Plain English Summary
Background and study aims
The response of governments during a pandemic are aimed at two main functions: mitigation (to restrict the spread of the virus) and treatment (proper care for those affected). To implement these, a government needs to be able to estimate the effects of any policies introduced. This requires knowledge of how healthcare services are going to manage the situation due to the pandemic, particularly as the pandemic evolves. This is known from data on the levels of infection amongst the population. Ideally, data would be available on the number of new infections, but this is rare if infection is widespread and with no symptoms. Instead data mainly come through screening, recording the number of new hospitalisations or consultations amongst patients with influenza-like illness, perhaps in hospitals or general practices. These datasets contain only a limited amount of information and are susceptible to biases. Therefore, it is preferable to use as many relevant data sources as possible to build an overall picture of the current pandemic situation and predict its future development. A tool is required in the midst of a pandemic to transform these data into meaningful predictions of the burden upon the health service. Real-time modelling involves the use of continuously incoming information to update and revise the estimate of the epidemic features, the future of the pandemic and the assessment of the effectiveness of policies. The difficulty in real-time modelling are: direct data on the transmission process are typically unavailable, and the surveillance data only informs it indirectly. The purpose of this study is to improve the real-time modelling approach we developed earlier, whilst remaining on-call to support Public Health England (PHE), who are going to implement this should a pandemic outbreak actually occur.
Who can participate?
No patients or healthy volunteers are involved.
What does the study involve?
Various advancements to the real-time modelling are made to include greater variations between regions, additional data, enhance the efficiency of the algorithm and evaluate the interventions that are likely to be implemented during the pandemic.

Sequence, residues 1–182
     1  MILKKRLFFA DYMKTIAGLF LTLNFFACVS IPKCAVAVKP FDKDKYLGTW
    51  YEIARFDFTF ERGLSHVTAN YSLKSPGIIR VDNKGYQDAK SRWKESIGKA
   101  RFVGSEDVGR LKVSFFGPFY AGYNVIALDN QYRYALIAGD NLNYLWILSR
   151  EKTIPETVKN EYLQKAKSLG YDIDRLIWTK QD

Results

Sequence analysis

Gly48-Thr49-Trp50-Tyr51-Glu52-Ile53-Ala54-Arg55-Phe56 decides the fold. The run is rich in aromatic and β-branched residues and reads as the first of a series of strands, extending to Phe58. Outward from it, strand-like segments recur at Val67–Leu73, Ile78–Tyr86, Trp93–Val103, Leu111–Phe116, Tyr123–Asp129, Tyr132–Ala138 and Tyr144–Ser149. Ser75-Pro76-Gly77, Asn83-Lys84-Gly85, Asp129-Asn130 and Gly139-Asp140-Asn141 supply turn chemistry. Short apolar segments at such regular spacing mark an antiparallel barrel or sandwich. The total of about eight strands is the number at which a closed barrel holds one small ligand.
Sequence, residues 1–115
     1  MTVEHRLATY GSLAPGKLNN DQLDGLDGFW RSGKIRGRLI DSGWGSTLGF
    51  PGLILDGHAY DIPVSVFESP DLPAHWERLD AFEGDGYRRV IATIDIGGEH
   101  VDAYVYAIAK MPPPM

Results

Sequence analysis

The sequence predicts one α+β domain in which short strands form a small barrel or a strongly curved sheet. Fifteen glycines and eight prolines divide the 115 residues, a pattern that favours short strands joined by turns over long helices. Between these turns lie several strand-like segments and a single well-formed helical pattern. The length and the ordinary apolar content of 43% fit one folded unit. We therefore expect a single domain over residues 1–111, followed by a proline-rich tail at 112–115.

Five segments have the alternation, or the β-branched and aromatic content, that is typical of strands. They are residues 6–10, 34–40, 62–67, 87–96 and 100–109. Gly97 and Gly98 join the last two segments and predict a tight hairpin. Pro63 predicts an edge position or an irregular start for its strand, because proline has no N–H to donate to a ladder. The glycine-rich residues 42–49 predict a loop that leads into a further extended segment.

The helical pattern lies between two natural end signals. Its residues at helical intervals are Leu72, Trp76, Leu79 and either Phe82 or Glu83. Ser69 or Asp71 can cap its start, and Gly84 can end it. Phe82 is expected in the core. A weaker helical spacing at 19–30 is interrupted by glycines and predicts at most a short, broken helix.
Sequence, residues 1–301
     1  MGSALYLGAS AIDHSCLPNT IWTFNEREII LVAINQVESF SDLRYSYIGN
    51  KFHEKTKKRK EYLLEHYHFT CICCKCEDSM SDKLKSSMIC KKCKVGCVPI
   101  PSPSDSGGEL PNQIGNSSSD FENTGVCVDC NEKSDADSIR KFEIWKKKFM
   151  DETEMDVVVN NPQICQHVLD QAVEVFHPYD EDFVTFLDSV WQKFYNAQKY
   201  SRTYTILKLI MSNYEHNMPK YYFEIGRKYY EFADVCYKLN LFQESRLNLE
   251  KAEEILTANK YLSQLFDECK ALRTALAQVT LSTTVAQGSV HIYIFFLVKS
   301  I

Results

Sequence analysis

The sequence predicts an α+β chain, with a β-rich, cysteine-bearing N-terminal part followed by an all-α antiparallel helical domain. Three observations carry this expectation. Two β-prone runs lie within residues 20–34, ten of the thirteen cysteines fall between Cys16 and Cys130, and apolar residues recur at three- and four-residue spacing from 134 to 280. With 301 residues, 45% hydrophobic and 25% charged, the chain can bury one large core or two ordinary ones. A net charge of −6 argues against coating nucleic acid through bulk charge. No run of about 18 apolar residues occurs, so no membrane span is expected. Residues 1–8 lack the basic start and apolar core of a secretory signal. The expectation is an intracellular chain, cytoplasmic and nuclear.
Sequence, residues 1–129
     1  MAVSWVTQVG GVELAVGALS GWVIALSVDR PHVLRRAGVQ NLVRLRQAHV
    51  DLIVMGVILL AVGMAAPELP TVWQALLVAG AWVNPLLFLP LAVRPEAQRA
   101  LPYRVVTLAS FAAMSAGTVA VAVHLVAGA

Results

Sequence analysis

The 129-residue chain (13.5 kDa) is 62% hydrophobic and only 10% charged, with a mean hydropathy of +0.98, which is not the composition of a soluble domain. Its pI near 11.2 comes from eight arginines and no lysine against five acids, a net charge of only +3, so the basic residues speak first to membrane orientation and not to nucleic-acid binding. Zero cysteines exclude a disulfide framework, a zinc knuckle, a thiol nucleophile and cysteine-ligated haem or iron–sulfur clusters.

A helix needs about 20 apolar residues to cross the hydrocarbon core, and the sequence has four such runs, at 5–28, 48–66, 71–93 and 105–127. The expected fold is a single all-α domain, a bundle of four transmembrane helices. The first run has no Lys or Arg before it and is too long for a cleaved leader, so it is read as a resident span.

What are the possible benefits and risks of participating?
Developing our current approach will result in more accurate estimates and predictions. More importantly, the timeliness of the availability of treatment will also be improved, so that the model is truly operating in real time.
Where is the study run from?
The research is office-based and involves model development and testing of real-time modelling systems. This will take place at the Medical Research Council Biostatistics Unit (MRC-BSU), UK.
When is the study starting and how long is it expected to run for?
October 2012 to September 2015.
Who is funding the study?
National Institute of Health Research (NIHR), UK.
Who is the main contact?
Dr Daniela De Angelis
Real-time modelling of a pandemic influenza outbreak with two phases: a pre-pandemic phase and an in-pandemic support phase
The purpose of this project is to advance the real-time modelling approach we developed in response to the 2009 pandemic, whilst remaining 'on call' to support Public Health England (PHE), who are tasked with its implementation should a pandemic outbreak actually occur. This advancement is anticipated to be in the form of:
1. Improving the efficiency with which real-time statistical inferences can be made.